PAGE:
Literature Program

Thursday, May 15, 2014 at 7:30 p.m.


A Close Read: Readings & Short Films in Tribute to Steve Street

Stephen Moncada Street, writer and longtime adjunct English professor at Buffalo State College, died of cancer at the age of 56 on August 17, 2012. Near the end of his life he became known as a forceful, articulate advocate on contingent faculty issues, publishing regular columns in The Chronicle of Higher Education. But tonight we celebrate him as a fiction writer, presenting his finely tuned short stories focusing on microcosmic human dynamics, cultural alienation, and sublime slivers of poetic observation.

Steve's writerly glance careened from expat culture in Egypt (where he taught English for four years at the American University in Cairo) to town/gown tensions in his hometown of Beloit, WI, to small moments observed and recycled from the streets of Buffalo. Reading from Steve Street's work tonight will be Ed Taylor (Buff State adjunct professor and author of the novel Theo and the poetry collection Idiogest), Dr. Ralph Wahlstrom (professor of English at Buff State and author of The Tao of Writing), Dr. Michele Ninacs (director of the College Writing Program at Buff State), and others.

Steve Street was recipient of a 1995 Artist Residency Exchange: Western New York (ARE:WNY) grant, a regional regrant program of the New York State Council on the Arts (NYSCA) which Hallwalls administered in the late 1990s in partnership with Pyramid Arts Center in Rochester and Wayne County Council for the Arts in Newark, NY. Filmmaker Lynne Sachs, Steve's sister-in-law and a three-time Hallwalls visiting filmmaker (see Timeline links, below), will show a 5-minute interview with Steve she shot near the end of his life. Filmmaker Mark Street, Steve's brother and a 2007 HARP artist-in-residence at Hallwalls, will show Dear Steve, an animated film composed of one video frame of each piece of correspondence recovered from the writer's Main Street apartment. Steve Street's fiction, essays, and reviews appeared in The Quarterly, Cimarron Review, Another Chicago Magazine, The Missouri Review, and Rain Taxi.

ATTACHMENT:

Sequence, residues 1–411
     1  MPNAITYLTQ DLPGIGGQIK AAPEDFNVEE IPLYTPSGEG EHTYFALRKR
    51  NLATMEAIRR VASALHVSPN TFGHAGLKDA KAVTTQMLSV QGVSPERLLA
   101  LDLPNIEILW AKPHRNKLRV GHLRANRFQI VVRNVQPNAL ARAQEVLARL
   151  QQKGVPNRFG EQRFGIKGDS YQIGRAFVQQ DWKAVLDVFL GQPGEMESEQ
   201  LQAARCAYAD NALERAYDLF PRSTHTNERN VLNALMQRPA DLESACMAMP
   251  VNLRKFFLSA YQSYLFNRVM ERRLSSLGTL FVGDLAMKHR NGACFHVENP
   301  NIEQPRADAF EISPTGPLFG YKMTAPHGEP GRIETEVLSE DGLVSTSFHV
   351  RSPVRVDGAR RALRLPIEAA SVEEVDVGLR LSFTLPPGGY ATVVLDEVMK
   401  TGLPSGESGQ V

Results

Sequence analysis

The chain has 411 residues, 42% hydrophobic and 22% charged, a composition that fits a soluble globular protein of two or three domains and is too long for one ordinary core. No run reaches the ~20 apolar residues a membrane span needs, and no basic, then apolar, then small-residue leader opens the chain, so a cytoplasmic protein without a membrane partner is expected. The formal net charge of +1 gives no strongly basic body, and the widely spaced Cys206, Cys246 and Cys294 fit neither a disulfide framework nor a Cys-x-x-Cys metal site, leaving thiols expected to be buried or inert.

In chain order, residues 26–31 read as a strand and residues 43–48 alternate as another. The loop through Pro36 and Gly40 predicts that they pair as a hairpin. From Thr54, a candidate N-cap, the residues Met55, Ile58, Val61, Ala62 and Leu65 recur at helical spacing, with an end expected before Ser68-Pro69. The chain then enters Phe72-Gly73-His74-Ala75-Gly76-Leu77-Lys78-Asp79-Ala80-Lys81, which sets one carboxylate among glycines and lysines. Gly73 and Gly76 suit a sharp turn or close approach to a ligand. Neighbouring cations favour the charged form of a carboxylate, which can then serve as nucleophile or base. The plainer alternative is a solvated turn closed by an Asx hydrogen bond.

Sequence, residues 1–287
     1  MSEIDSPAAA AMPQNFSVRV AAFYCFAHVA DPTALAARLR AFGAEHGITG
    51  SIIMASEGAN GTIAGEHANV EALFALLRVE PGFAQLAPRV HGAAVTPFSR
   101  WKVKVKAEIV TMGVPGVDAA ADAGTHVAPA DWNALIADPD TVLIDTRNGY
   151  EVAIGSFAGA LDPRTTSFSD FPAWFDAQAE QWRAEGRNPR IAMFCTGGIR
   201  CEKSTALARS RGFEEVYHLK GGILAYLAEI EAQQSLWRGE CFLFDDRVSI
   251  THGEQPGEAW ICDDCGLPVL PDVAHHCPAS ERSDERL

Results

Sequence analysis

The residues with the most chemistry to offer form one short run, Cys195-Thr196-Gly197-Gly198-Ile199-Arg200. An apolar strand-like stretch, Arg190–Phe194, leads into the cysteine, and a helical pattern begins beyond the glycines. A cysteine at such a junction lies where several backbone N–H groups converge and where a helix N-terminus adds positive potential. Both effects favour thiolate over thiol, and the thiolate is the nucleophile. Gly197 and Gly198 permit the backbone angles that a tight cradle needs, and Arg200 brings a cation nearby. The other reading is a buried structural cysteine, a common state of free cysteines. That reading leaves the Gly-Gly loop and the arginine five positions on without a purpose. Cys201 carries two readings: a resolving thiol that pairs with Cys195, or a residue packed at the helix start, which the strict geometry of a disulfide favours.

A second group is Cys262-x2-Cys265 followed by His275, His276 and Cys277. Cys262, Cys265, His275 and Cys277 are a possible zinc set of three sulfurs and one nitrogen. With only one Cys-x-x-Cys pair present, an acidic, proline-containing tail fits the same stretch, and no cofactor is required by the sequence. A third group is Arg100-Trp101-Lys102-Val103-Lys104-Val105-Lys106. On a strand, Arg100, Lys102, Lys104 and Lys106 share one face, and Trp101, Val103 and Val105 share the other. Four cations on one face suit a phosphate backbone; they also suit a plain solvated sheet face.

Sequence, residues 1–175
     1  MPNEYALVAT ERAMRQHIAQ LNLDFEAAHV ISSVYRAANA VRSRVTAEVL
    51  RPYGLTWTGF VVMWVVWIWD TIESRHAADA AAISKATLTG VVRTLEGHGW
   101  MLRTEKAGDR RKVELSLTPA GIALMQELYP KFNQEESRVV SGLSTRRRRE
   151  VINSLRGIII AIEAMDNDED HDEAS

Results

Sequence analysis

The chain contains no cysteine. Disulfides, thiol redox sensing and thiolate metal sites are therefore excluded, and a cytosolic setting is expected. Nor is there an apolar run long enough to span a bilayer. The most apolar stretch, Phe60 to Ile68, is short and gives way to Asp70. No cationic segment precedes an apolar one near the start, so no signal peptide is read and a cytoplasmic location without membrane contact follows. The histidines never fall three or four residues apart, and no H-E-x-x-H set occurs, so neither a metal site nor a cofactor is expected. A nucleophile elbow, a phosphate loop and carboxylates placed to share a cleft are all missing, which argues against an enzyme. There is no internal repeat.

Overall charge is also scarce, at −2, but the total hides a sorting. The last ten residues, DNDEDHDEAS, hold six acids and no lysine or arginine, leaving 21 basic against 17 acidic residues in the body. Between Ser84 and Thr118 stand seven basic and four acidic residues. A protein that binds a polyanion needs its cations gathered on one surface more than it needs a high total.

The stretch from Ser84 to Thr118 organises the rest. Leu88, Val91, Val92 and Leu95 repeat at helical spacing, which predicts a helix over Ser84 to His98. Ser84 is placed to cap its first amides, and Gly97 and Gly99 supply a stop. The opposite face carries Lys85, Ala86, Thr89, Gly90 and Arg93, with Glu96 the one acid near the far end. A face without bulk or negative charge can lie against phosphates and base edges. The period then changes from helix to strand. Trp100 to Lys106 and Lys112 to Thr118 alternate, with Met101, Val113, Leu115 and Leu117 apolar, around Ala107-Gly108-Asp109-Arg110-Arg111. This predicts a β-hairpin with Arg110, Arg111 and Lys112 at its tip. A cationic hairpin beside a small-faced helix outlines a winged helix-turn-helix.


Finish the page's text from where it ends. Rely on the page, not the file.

Timeline Links:

t: 716-854-1694
f: 716-854-1696

Tues.—Fri. 11-6
Sat. 11-2
Sun. & Mon. closed

from May. 10, 2019
through Jun. 28, 2019

Ashley Smith
Three Fold Form

Inspired by Jungian psychology and mythology, Ashley Smith's process is an alchemical cauldron where personal narratives about womanhood, motherhood, research about art, stories, and myths of the wild woman archetype who represents the instinctive nature of woman are boiled together and transmuted to create abstract sculptural forms and installations that sprout from the wall and grow from the ground.

Stephanie Rohlfs
Put One Over

Rohlfs' work springboards from a clean surface appearance and concise formal gestures into a hybridized set of works that make the artist seem part minimalist, part colorist, part humorist. Rohlfs' sculptural gestures are so adroitly specific and contained that each element—a field of color, a drooping form, a slab of shelving—takes on more imminent and emphatic articulation ...